Assignment 5: Eigenspace Digit Recognition
Due 15 December 2007
For this project, we'll do the same task as lab 4, but using an eigenspace recognition technique. The basic idea is to use a training set to create a set of basis images. Then use the basis images to convert the training set into a set of models, where the feature vector for each model is its projection into the eigenspace. Finally, classify new images by projecting them into the eigenspace and comparing them to the models.
Work on this project with your partner from the last lab.
Download the following code files:
- util.c: a set of useful functions
- calcEigenSpace.c: an almost complete program for calculating an eigenspace from a set of images.
- svdcmp.c: an implementation of SVD.
Put the util.c and svdcmp.c in your image library and add them to the makefile. You will also want to add prototypes for the functions in util.c and for svdcmp() to your vision.h include file.
- Create a program that reads in an image with a digit in it (use the training set from lab 4), extracts the oriented bounding box of the region, and writes it out to a 40 row by 20 column greyscale (PGM) image. Most of what you need to do is implemented by the functions in util.c. The rest is just thresholding and region segmentation, just as in lab 4.
- Execute the above program on half of the single digit data (5 examples for each digit), which should generate 50 images.
- Finish implementing the calcEigenSpace executable, as noted in the code. The program should take as input the number of eigenvectors to produce and a list of images on the command line and write out the top N eigenvectors and the average image. It is useful to write them out both as binary files and as PGMs that can be visualized. Based on a preliminary analysis, you probably want about 10 eigenvectors to capture about 70% of the data variation.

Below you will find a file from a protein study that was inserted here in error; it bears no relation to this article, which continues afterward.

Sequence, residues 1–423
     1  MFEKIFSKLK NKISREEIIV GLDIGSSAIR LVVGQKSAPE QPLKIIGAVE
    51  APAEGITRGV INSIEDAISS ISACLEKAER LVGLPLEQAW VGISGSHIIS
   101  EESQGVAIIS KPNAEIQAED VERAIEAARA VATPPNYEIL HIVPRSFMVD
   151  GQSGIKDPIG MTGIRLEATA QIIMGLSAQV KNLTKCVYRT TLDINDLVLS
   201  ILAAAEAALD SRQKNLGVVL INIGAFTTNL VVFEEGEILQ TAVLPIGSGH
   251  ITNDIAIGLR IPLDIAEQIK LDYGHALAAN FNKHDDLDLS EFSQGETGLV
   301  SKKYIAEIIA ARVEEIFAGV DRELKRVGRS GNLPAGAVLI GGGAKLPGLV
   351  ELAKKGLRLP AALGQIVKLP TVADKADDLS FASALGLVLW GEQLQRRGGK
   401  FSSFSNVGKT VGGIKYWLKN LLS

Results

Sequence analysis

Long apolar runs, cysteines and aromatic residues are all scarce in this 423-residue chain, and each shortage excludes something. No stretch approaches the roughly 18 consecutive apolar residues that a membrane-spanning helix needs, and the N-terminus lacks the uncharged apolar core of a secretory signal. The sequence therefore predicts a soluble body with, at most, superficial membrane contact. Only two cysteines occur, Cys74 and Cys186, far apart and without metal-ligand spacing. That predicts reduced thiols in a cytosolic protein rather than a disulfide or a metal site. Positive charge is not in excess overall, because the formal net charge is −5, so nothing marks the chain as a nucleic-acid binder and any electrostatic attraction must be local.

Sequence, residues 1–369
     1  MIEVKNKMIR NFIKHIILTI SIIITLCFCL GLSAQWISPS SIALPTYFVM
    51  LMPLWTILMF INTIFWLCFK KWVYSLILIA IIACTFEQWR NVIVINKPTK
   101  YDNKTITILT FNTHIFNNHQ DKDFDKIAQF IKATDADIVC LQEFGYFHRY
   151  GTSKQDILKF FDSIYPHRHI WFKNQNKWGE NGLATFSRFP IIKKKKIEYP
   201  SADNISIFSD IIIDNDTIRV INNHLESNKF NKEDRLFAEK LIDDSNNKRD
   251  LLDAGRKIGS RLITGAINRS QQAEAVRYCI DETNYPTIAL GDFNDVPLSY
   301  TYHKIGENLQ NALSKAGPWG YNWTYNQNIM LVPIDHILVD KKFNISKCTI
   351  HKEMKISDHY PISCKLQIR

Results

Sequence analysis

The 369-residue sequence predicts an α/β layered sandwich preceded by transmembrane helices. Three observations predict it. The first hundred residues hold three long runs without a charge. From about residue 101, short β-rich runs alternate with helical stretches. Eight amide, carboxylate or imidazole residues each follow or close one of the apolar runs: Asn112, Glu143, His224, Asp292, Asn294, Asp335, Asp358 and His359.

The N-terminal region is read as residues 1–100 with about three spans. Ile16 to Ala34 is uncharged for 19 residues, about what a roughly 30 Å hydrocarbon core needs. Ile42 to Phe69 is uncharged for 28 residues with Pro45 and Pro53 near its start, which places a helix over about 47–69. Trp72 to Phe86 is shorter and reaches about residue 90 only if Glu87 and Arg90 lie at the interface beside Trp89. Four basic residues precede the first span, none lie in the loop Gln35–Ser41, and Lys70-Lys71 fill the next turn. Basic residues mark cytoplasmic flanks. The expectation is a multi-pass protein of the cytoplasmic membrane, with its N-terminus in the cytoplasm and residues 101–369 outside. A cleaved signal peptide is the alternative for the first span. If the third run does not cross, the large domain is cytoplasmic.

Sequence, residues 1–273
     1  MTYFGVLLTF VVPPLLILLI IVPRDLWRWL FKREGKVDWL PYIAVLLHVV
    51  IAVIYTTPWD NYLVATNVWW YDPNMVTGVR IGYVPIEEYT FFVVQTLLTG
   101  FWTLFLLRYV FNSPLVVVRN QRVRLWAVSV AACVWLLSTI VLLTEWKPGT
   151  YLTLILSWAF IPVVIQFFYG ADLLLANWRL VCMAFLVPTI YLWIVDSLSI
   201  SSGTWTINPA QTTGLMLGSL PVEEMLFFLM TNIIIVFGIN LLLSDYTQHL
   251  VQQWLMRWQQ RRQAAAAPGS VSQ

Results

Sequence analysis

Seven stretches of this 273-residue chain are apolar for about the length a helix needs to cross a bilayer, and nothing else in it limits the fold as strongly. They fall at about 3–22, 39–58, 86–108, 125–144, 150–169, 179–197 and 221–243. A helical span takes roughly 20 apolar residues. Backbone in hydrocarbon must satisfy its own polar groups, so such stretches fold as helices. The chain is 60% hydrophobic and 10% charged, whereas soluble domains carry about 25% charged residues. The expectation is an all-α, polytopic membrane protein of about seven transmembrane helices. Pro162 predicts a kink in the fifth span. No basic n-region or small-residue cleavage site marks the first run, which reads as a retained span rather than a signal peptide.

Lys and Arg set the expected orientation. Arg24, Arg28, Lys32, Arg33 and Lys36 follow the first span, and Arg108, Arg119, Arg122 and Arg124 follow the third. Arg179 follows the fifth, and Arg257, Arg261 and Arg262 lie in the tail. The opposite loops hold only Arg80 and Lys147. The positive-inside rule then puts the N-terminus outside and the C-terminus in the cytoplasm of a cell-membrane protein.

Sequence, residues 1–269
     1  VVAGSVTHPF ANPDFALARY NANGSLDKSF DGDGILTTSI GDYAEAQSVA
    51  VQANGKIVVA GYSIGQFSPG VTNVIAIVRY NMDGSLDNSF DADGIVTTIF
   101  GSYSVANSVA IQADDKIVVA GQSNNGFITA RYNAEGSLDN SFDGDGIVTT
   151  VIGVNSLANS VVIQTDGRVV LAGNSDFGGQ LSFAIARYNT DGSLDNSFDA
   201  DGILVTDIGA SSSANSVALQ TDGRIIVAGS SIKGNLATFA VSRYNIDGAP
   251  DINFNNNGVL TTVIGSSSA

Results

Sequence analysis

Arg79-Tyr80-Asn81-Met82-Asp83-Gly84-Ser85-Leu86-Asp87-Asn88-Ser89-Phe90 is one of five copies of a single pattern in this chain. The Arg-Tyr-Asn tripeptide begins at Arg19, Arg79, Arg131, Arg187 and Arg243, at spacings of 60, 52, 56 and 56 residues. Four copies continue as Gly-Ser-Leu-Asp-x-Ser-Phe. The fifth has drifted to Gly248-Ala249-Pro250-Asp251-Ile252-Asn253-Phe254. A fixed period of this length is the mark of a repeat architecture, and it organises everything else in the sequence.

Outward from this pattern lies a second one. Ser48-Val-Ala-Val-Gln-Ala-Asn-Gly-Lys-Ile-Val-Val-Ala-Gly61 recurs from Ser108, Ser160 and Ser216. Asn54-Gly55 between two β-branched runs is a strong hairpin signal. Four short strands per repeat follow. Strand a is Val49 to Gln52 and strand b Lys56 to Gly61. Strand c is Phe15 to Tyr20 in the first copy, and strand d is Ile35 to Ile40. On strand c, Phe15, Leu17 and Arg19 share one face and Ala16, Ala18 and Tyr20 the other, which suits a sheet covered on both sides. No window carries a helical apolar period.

- Use the executable to create an eigenspace using the 50 single digit images extracted in step 2. You should now have a set of files for the eigenvectors and one file for the average vector.
Write an executable that takes in a 40 row by 20 column image, the
average image, and the eigenvectors. The program should then:
- normalizes the image to a length of 1,
- subtract the average vector, and
- project it into the eigenspace by taking the dot product of the different image and each of the eigenvectors.
The output should be a set of N numbers, where N is the number of eigenvectors. Think of the set of N numbers as a feature vector, similar to the feature vectors from lab 4. You probably want to create a function that takes as input the required information to convert a 40x20 image into a feature vector.
- Using the above executable, create a single model file for each digit (use the same format as the last lab). You can use a single example for each digit, or you can average the feature vectors for several examples of each digit.
- Create a program that reads in a new image of one or more digits, extracts the oriented bounding box from each digit and converts it to a 40x20 image. Then for each digit, the extracted image is converted into an eigenspace feature vector, which is compared with the models to generate a label. You can use any pattern classification method you wish, but start with nearest neighbor.
- Generate a confusion matrix of your results on the testing set, which is the remaining 5 images per digit.
- Get the system running in real time and compare the two recognition systems. If you can profile your code, try to evaluate which of the methods is faster.
- Use a different pattern recognition method (e.g. K-nearest neighbor or a neural network) to classify your data.
- Do some interesting visualizations with your real time system.
- Try a different pre-processing routine. For example, rather than using the original greyscale image, try using the region map so that each pixel is either 255 (in region) or 0 (out of region). It ought to simplify the eigenspace considerably.
Follow the writeup instructions to create a web page for your assignment. Send the instructor an email with the code in a zip or tar file along with instructions on how to compile and run it as well as a pointer to the URL for the writeup.